LONG OVERDUE

Kisii banana farmers want Sh110m factory expedited

Money for the factory was secured in 2017 but construction of the plant is yet to begin.

In Summary

• The farmers who sell their produce in various markets in the region said they have been waiting to be told the status of the factory in vain.

• The farmers say they have been selling their produce at throwaway prices to middlemen and the factory will cushion them from that. 

tissue culture banana
tissue culture banana
Image: FILE

Farmers in Kisii have urged the county government to expedite construction of an EU-funded Sh110 million banana processing factory. 

The farmers said they have been selling their produce at throwaway prices to middlemen and the factory will cushion them from that. 

The county received Sh110 million grant from the European Union for the construction of the factory in 2017 while Governor James Ongwae said that his administration would add Sh45 million towards the project.

During last year’s Jamhuri Day Celebrations,  Ongwae said that construction of the factory would to take 18 months. 

“We are on top gear in our commitment to establishing a banana-processing factory in the county,” he said.

But construction of the factory is yet to begin and farmers are frustrated at the slow pace of the project.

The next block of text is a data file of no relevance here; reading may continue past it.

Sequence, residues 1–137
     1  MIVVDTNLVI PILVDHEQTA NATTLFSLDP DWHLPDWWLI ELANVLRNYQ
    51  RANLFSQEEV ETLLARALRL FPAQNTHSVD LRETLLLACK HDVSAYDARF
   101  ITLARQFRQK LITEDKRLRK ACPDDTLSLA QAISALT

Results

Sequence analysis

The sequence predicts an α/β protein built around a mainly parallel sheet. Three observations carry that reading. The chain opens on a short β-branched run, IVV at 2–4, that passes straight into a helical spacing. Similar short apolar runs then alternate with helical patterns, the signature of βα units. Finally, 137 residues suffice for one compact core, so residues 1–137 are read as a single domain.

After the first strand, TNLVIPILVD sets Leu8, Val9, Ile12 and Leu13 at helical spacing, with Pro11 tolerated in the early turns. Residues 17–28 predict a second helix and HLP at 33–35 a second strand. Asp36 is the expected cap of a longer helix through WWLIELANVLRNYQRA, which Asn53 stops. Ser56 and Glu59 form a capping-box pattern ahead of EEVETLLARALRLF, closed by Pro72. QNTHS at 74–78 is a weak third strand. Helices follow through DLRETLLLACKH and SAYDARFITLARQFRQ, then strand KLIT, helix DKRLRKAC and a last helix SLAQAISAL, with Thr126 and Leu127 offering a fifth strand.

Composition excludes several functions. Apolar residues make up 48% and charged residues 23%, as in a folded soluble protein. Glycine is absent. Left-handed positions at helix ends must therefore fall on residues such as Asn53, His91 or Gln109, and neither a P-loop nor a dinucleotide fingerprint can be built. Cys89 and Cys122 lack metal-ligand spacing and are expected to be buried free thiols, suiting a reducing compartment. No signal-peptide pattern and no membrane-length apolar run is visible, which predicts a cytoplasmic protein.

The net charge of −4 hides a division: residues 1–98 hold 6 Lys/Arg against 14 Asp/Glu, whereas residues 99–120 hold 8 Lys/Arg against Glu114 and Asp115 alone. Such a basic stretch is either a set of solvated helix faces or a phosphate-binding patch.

Farmers who sell their produce in Keumbu, Daraja Mbili, Keroka markets said they have been waiting for the factory for a long time.

“I have been transporting my bananas to this market for many years but I sell them cheap to middlemen who then take them to major towns and make huge profits,” Peter Otuke said.

He said the factory will not only save farmers from exploitation by middlemen but will also create employment for unemployed youth. 

Pastor Francis Yoge of the Christ Saves Ministries said the agriculture department should clarify when the factory will be ready.

“I look forward to benefiting from the factory,” he said.

He said there is need for the county government to live up to its promises and help farmers.

“The farmers will earn maximum profits through value addition,” Yoge said.